Friday, December 30, 2005

Mid-Chanukah Wrap-up

We've had quite a busy week of Chanukah thus far and, surprisingly, took a bunch of nice pictures that we thought we would share.

The senior Sussmans are visiting and they have been kept quite busy. One day at the science museum (and then dinner in Beit Shemesh with the Brothers Wiener), a full day trip to the wonderful slides in Beith Shean (we wrote about them a couple of months ago) and the brit milah of Noam Ishi Speter (newest son of Rab Mosher and Chaviva of Tirat Tzvi--weirdly enough, Chaviva's sister also had a brit for her new son the same day!!), followed by a quick get together with the Sisters Levin and then off to a nice dinner sponsored by Grandma and Grandpa Sussman with the kids home with a babysitter!! Yesterday was the day at the zoo with a special treat of seeing the new baby elephant (less than a month old) and an evening of latkes and other goodies with friends in the yishuv. Whew...quite a busy week, now we have Shabbat and then we are off for a short two day trip to visit Zichron Yaakov without the kids courtesy of Grandma and Grandpa!!!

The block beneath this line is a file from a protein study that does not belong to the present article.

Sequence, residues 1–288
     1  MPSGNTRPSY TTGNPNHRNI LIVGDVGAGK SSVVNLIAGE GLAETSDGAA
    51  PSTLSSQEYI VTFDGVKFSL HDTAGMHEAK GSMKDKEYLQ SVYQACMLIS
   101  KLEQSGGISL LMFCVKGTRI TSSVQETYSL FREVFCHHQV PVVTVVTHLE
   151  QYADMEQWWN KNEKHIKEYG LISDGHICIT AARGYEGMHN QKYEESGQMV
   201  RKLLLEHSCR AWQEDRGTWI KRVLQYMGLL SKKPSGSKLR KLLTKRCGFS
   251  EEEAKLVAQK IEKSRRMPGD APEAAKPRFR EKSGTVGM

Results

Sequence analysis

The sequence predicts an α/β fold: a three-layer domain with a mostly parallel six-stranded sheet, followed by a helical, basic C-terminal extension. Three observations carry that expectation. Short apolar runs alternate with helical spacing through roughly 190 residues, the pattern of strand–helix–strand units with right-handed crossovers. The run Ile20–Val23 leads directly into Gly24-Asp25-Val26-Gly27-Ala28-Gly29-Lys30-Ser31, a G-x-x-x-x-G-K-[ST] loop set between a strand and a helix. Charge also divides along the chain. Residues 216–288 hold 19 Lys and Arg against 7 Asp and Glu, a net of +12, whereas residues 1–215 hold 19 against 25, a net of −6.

Anyway, here are some very recent pictures of the kids and us.

Chanukah Sameach, Shabbat Shalom and Chodesh Tov!!!

Thursday, December 29, 2005

Chanukah Is Here!!

Last Sunday, I was struck throughout the day at how much I didn’t realize that it was Christmas Day. My mom visited for the past week and she kept remarking, as we were shopping, how there weren’t any Christmas decorations in the mall, any Christmas music blaring in the stores, and any “Merry Christmas” announcements from the store clerks. Unless you think about it, you can literally live in a place here where you don’t know that it is Christmas. That’s not to say, of course, that there is anything wrong with Christmas. It is just that it is very hard to be a minority your whole life, living in a Christian dominated culture. It’s a shock to the system to finally be in a place where there are sufganiyot (the ever present jelly doughnuts) on every corner, Chanukah music around, Chanukiot in every shop window and people yelling 'Chanukah Sameach' everywhere you go.

At school on Sunday and Monday, I laughed out loud when I heard the first bell. They had changed the bells to sing out a Hanukah tune instead of the regular bell. Every 45 minutes we heard a Hanukah song over the loud speaker. Here I was working on Christmas day in a public school which was blaring Hanukah music! Amazing!